2009 Tour of England
The Mini Experience Mini50 Tour of England was the biggest thing I’ve ever organised and there was an enormous amount of relief when we all gathered for the first time in the hotel in Watford, on the outskirts of London.
I needn’t have worried. We had a great bunch of people who all got on famously, brilliant cars for the tour, almost perfect weather (it rained on about three days), and we got to do some brilliant tours of places not normally accessible to the average Mini tourist.
First and foremost I have to thank MINI, both in Australia and the UK, for their help in organising the loan of three brand new Mini Clubmans for us. This was the difference between making our trip just another self-drive tour and a true MINI adventure. With three MINIs on loan we could afford to hire another three, spreading the cost between everyone on the tour.
The only problem was that left me without a vehicle, but my good mate Anthony Braggiotti from London Mini Centre lent me his company’s daily run-about. The car had a little rust on the front corner, and one wheel arch flare missing, but it cleaned and polished up very nicely. When I returned the Mini two weeks later, the crew at LMC said they had never seen it looking so good.
Mechanically, the car was brilliant. It cruised effortlessly on the motorway at 70mph (115kmh) and didn’t miss a beat through the whole trip.
The hire MINIs were organised over the Internet through London-based Prestige Car Hire (www.prestigecarhire.co.uk) who were very helpful and quite reasonable in their charges.
The main purpose of the trip was the IMM (International Mini Meeting) and the Mini 50 show (as near as they had to an official event). This was essentially a camping weekend, and although there were a few problems, we all had a ball meeting the thousands of like-minded enthusiasts from across Europe and the rest of the world.
It was also great for me meeting many of our overseas subscribers, and from that perspective alone the event was a success for me.
Although the weather was perfect for the weekend, the days before had brought torrential rain, turning much of the huge Cofton Park – situated across the road from the Longbridge factory where most of the World’s Minis were made – into a quagmire. Those of us who didn’t get bogged in the mud were able to have a good laugh at those who did, while even most of the less fortunate saw the funny side of things.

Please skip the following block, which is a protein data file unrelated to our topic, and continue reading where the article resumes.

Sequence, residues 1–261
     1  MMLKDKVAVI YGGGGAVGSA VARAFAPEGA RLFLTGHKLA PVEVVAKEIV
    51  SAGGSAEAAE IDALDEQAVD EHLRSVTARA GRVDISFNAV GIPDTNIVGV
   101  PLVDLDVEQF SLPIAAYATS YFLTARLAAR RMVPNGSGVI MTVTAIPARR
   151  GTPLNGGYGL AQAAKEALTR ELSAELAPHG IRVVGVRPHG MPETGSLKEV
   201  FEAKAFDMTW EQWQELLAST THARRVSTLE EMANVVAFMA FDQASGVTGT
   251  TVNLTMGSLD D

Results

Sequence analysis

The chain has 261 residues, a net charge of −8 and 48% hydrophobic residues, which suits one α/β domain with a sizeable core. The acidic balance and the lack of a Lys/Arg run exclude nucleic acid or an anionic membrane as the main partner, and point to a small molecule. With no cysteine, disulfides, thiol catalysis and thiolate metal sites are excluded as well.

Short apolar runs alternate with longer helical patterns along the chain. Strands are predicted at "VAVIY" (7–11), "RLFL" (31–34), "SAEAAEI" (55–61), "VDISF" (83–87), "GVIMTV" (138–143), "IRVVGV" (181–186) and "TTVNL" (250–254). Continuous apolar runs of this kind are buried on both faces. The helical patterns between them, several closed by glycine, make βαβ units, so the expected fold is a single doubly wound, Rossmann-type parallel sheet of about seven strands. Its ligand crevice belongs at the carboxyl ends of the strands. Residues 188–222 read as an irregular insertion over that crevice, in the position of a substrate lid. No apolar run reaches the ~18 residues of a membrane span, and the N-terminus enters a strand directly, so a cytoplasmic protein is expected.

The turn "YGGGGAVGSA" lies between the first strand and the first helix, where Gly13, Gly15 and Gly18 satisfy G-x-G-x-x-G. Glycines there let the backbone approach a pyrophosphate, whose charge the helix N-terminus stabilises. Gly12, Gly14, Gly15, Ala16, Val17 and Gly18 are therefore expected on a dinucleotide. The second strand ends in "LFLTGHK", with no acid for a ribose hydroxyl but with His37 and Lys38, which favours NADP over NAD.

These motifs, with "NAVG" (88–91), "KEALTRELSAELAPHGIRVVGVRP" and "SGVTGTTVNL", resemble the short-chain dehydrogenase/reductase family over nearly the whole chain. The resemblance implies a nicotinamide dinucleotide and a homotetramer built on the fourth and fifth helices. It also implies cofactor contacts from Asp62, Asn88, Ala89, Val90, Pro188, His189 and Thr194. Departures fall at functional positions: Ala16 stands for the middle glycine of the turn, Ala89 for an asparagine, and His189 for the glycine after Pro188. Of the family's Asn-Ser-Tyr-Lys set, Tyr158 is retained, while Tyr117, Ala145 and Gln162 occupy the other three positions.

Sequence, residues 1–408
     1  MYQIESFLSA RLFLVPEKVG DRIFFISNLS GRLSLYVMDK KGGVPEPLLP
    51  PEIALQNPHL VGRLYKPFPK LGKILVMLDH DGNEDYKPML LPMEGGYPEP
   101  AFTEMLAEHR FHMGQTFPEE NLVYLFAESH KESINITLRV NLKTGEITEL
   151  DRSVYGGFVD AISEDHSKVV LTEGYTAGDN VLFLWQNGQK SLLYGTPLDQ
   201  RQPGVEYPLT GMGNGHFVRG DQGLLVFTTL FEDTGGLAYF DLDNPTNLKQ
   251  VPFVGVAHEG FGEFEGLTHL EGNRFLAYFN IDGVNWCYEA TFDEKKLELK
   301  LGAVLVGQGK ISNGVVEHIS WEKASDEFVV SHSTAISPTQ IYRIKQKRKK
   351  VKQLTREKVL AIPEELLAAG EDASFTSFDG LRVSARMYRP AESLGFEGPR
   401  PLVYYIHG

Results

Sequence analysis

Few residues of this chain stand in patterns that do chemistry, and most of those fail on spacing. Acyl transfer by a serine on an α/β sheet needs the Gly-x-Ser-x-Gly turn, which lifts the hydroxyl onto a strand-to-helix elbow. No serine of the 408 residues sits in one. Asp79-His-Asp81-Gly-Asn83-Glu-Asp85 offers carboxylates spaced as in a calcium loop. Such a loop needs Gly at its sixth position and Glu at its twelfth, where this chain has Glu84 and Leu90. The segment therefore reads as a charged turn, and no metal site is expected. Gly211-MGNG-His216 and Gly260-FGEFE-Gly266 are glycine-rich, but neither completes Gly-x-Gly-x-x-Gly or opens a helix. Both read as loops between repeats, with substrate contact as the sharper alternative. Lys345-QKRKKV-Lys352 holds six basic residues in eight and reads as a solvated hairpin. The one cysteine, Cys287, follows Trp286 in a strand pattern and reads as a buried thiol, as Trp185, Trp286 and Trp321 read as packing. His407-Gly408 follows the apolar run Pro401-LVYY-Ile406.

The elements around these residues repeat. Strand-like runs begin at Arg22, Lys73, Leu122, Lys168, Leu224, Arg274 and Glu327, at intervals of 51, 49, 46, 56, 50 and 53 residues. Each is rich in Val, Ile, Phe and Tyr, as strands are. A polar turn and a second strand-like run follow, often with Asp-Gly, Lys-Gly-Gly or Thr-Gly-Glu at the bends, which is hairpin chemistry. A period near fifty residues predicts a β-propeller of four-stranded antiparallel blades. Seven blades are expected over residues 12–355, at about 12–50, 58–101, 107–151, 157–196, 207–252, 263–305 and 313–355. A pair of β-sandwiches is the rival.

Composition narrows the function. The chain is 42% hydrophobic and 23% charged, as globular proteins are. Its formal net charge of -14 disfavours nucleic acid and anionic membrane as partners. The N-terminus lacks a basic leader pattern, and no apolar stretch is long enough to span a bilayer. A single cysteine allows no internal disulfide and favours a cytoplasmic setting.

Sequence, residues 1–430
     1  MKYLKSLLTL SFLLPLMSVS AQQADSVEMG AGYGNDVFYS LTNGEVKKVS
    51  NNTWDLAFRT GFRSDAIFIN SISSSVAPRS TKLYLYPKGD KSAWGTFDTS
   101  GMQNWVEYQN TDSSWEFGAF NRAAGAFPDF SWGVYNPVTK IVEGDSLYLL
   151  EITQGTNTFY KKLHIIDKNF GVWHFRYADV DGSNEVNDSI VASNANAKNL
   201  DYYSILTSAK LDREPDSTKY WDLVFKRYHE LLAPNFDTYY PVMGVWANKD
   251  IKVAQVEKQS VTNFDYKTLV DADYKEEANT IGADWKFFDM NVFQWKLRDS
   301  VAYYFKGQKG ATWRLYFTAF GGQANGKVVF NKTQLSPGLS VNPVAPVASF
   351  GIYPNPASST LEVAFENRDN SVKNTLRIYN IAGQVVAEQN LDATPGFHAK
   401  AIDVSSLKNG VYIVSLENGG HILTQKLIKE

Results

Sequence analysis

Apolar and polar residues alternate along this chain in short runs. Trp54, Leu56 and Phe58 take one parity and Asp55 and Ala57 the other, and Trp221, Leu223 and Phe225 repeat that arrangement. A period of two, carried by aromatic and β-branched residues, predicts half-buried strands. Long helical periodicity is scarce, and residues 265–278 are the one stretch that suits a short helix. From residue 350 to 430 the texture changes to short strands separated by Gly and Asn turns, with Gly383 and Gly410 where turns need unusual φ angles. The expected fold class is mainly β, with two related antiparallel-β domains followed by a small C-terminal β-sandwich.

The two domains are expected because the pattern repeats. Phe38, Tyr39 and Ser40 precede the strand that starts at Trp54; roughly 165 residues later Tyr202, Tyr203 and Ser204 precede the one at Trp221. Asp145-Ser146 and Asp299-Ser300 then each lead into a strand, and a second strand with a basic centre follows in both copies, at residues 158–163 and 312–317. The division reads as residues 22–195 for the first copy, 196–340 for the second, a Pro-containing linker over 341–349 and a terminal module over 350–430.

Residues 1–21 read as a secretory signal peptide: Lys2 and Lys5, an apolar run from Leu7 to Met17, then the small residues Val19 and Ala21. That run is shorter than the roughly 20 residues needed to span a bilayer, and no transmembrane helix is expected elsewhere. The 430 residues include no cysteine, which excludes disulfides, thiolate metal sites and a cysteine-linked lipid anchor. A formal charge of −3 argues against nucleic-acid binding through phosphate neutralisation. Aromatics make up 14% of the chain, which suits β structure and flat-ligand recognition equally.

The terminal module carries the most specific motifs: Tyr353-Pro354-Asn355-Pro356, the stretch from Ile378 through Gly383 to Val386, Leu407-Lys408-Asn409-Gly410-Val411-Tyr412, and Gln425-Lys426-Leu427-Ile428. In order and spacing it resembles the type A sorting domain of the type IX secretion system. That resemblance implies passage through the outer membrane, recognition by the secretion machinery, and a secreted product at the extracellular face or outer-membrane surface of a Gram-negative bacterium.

We had experienced the monsoonal-like rain the previous night when we ventured to the Ace Café for the monthly Mod ’n’ Mini night. There were a lot of people very worried about what it would mean for the IMM. In fact, I later heard that the Birmingham council ordered that if there was even one more shower of rain, the whole event would be cancelled.
The logistics involved in getting everything sorted for around 12,000 people in over 5,000 Minis and MINIs (plus an additional 1,500 or so Minis on the Sunday) from more than 450 clubs must have been staggering. We were all gob-smacked at the sheer numbers of Minis, enthusiasts and traders in attendance, which was all organised by a committee of only a dozen or so members of the Birmingham Mini Owners Club.
We had our tents lined up, with the MINIs and Minis parked out the front – including Michael and Jenny McKellar, who joined us from Holland in their Mini 40, and a couple of Victorians who were back-packing around the UK. We were also joined by an English couple who were clubless, so we made them honorary Aussies for the weekend.
Our Aussie Embassy consisted mainly of nine tents that I bought from Millets camping stores (www.millets.co.uk) set up around a 3m x 6m marquee hired for the event. With our tables, chairs, stoves, and other luxuries, we had a veritable home away from home.
If you would like to read the rest of this story, order your copy of Issue 21 of The Mini Experience. <plumshop>30</plumshop> <plumshop>29</plumshop>